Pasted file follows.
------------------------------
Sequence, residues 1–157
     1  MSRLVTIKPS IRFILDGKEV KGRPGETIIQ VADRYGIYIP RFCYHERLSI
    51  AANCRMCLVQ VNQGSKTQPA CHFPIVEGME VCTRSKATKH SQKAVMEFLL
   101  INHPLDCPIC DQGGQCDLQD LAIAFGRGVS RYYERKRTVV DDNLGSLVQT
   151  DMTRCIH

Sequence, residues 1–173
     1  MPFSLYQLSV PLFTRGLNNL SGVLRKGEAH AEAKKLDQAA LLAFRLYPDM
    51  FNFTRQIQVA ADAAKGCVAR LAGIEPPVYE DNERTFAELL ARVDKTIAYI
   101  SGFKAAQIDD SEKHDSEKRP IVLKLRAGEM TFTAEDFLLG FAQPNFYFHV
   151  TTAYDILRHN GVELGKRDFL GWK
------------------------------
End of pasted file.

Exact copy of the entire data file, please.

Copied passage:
Sequence, residues 1–157
     1  MSRLVTIKPS IRFILDGKEV KGRPGETIIQ VADRYGIYIP RFCYHERLSI
    51  AANCRMCLVQ VNQGSKTQPA CHFPIVEGME VCTRSKATKH SQKAVMEFLL
   101  INHPLDCPIC DQGGQCDLQD LAIAFGRGVS RYYERKRTVV DDNLGSLVQT
   151  DMTRCIH

Sequence, residues 1–173
     1  MPFSLYQLSV PLFTRGLNNL SGVLRKGEAH AEAKKLDQAA LLAFRLYPDM
    51  FNFTRQIQVA ADAAKGCVAR LAGIEPPVYE DNERTFAELL ARVDKTIAYI
   101  SGFKAAQIDD SEKHDSEKRP IVLKLRAGEM TFTAEDFLLG FAQPNFYFHV
   151  TTAYDILRHN GVELGKRDFL GWK